Summer bocce returns at MVR in Youngstown, along with indoor dining

Coronavirus

The restaurant has new safety protocols in place for dine-in customers and bocce players

YOUNGSTOWN, Ohio (WKBN) – For over 75 years, Cassese’s MVR has been a staple restaurant in the Mahoning Valley. Just like other restaurants, they were only allowed to do take-out orders during the COVID-19 pandemic. In-restaurant dining started this past weekend and now, they are working to get back to some sense of normalcy.

For the MVR, it was tough not being able to have indoor dining during the pandemic.

“So if you had this entire store with all of these goods and the only thing you could do with paint was sell paint — that’s really what it was, we could only do carry out,” said Joe Cassese.

Cassese said they waited a little longer to open their doors because they needed more time to prepare.

“We were at the point, from a viability standpoint, where we had to open our doors,” Cassese said.

Now, the restaurant has plexiglass set up around the bar areas. They’re also sitting people at every other booth and limiting seating in their dining room.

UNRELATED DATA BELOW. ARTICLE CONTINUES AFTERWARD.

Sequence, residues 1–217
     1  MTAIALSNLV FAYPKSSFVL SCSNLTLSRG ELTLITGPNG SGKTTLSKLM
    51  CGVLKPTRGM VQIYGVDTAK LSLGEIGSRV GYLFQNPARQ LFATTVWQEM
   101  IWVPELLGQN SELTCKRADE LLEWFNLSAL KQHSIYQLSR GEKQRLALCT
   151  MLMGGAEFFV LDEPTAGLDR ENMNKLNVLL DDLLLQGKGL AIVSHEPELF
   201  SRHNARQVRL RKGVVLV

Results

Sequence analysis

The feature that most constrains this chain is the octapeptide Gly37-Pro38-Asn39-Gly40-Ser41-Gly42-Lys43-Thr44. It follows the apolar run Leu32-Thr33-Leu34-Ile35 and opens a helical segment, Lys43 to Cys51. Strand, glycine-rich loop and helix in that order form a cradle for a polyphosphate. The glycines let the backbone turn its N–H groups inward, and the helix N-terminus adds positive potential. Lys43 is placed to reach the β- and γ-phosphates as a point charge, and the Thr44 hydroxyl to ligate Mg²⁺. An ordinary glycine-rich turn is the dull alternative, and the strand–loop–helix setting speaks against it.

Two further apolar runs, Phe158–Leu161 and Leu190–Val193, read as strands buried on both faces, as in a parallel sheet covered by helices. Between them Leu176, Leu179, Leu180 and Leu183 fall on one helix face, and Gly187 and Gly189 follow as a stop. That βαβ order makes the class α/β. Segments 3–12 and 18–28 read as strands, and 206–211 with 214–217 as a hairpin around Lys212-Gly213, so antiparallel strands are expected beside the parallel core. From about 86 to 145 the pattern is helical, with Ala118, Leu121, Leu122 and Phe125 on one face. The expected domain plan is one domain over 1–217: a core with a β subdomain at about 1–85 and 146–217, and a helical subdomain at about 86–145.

“We want them to be in an environment that they’re comfortable in but also let them know that hey, we all have to get back to just doing a lot of the things that we were used to doing,” Cassese said.

One of the main summer attractions for the MVR is bocce. Each ball is numbered so the same person uses the same ball throughout the game. They also added a handwashing station near the courts where the bocce balls can also be sanitized.

“So if you’re in a game and you have ball one and the game ends and the next person in is going to have that ball, green ball number one, they can simply walk right over to the station and there’s soap and there’s water and they wash it off. There’s a better comfort level when they’re playing bocce,” Cassese said.

Tuesday night was the second night of bocce. Even though it was a great chance to see everyone again, people still tried to respect each other’s personal space.

“People are not hugging each other or even hitting their hands, it’s a fist bump instead of slapping hands so people are obviously aware of it,” said bocce player Dave Olexa.

Cassese said some teams chose not to play bocce this summer, but they will hold a spot for them come next year.

Copyright 2021 Nexstar Media Inc. All rights reserved. This material may not be published, broadcast, rewritten, or redistributed.

Trending on WKBN.com